Postcards & Posters
2 hours //
Painting // graphic art // collage // poster art
Graphic printshop // theory of form // typography // illustration // Bauhaus Exhibition Weimar 1923
public domain YOU WILL NEED:
- Blank postcards
- A3 paper
- coloured paper
- coloured pencils
- glue sticks
- magazines to cut up
- Optional: stamps
The first Bauhaus exhibition was held in Weimar in 1923. It aimed to show the results of the first four years of teaching at the Bauhaus. The Bauhaus students designed posters and postcards to advertise the exhibition and the school’s ideas. This module uses the posters and postcards from 1923 to convey insights into poster art, advertising and typography at the Bauhaus. The participants the design their own postcards and posters for their own school or a particular school event.
Step 1: The module begins with a brief introduction to the exhibition in Weimar. Participants view the posters and postcards designed by the various Bauhaus students and masters and compare typography, technique and composition. The poster by Joost Schmidt is especially striking. Which colours and forms did he use and combine? What makes his design so powerful?
Step 2: In the next step the participants design their own postcards and/or posters. How would they represent their school? Is there a special school event they would like to draw attention to? Perhaps a commemoration, a play, a concert or a sports day?
Step 3: All the required information is gathered (date, place, type of event, etc.) and one or more techniques are selected (collage, drawing). Which colours, forms and motifs convey a good impression of the event? Which colours are best suited to convey the desired feelings and emotions? How should the words and images be arranged to make the information easy to understand?
Step 4: The finished posters and postcards are displayed and viewed by the group. Are there similarities? Which designs do the participants like best? Could they actually be reproduced and used for the event?
Paul Klee - Postcard 1923
The Bright Side postcard. Lithograph. Paper: Cream, smooth, wove (board)
Joost Schmidt - Bauhaus-Exhibition 1923
Theo van Doesburg - Design for a poster for the Section d'Or exhibition
When he founded the Bauhaus in 1919, the architect Walter Gropius was seeking to bring together the arts and crafts. The goal was to train a new type of artist in the field of design and architecture to create products suitable for industrial mass production. The school set out to shape society as a whole by influencing the way people lived. Creating collective “comprehensive artworks” (Gesamtkunstwerke) was one important aspect. Interdisciplinarity and experimentation were also central to the educational concept.
Typography initially played a marginal role at the Weimar Bauhaus, even if the lettering design course was already experimenting with geometrically constructed fonts. The status of typography at the Bauhaus changed in 1923 when László Moholy-Nagy was appointed to succeed Johannes Itten as head of the preliminary course. In connection with the Bauhaus exhibition of 1923 an advertising workshop was established under Wassily Kandinsky. This sparked an intense exploration of typography, which later also became an important part of the curriculum.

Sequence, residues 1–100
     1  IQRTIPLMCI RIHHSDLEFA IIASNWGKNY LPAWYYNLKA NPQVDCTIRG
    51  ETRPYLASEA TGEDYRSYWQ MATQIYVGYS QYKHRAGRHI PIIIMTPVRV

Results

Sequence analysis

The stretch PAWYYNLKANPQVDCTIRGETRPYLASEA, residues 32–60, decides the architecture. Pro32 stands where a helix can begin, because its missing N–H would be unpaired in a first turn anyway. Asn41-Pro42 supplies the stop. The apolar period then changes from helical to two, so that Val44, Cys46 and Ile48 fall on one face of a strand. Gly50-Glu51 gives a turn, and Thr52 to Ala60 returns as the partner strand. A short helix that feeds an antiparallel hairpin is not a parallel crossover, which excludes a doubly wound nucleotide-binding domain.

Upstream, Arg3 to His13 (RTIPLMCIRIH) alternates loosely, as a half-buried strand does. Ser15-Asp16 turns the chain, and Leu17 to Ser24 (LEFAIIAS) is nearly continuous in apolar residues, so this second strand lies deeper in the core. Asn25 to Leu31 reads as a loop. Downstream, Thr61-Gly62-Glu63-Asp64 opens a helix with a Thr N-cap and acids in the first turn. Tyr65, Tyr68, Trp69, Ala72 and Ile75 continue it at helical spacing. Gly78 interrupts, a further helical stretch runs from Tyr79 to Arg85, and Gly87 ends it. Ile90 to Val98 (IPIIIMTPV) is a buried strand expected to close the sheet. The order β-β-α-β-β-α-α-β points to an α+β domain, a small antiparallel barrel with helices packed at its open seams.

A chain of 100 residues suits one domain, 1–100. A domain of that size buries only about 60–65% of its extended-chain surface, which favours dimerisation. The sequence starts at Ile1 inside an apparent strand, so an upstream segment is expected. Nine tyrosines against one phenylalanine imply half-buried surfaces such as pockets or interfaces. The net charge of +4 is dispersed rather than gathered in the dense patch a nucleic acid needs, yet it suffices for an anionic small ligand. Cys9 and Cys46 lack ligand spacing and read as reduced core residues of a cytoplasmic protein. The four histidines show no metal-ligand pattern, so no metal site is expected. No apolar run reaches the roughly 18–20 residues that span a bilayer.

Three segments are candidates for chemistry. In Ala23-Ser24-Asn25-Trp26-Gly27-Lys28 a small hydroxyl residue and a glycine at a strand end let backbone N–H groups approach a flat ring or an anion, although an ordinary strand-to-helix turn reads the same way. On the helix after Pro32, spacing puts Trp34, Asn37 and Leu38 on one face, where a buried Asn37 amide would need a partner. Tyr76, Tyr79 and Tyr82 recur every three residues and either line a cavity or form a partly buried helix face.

In June 1922 the state government of Thuringia urged the Bauhaus to exhibit its work to date. Although the Bauhaus itself felt this was premature, Walter Gropius poured the school’s energy into the project: the workshops worked longer hours and no new students were admitted for the summer semester in 1923. The masters decided to present a fully furnished house in time for the exhibition. Georg Muche won the competition with his design for the Haus am Horn, which was built by Gropius’s architecture firm and furnished collectively by all the Bauhaus workshops. The Haus am Horn was the first example of “New Building” to be built in Germany.
The exhibition ran from 15 August to 30 September 1923. It began with a week of events, the Bauhauswoche, which was enthusiastically received by public and press. Gropius opened the exhibition with a lecture on “art and technology – a new unity”. Lectures followed by Kandinsky on “synthetic art” and the Dutch architect Oud on the development of modern architecture in the Netherlands. Paul Hindemith’s song cycle Life of Mary was premiered, and concerts given with music by Busoni, Krenek and Stravinsky. Bauhaus students performed Kurt Schmidt’sMechanical Ballet and Hirschfeld-Mack’s Reflecting Plays of Colours; the high point was a performance of Oskar Schlemmer’s Triadic Ballet. Works by masters and students were exhibited in the state museum and in the school buildings, and Gropius’s newly furnished director’s office could be viewed.
The catalogue State Bauhaus in Weimar 1919–1923 was published to coincide with the exhibition, with an edition of 2,000 in German, 300 in English and 300 in Russian. The cover was designed by Herbert Bayer.
In connection with the Bauhaus exhibition Gropius also put together an International Architecture Exhibition to present his line of functional/dynamic architecture. This was the first presentation of modern architecture in the 1920s.
The exhibition and associated events were very well received by the public and the press. But the days of Bauhaus in Weimar were numbered. During the Weimar Republic the teachers, students and admirers of the Bauhaus were regarded as “left-leaning” and “internationalist”. The political right rejected the Bauhaus from the outset. The state elections in Thuringia in February 1924 saw a swing to the right and the new government halved the Bauhaus budget. In response to these political and financial pressures the masters decided to move the School to Dessau in 1925.
Images of postcards:
Information on Joost Schmidt’s design: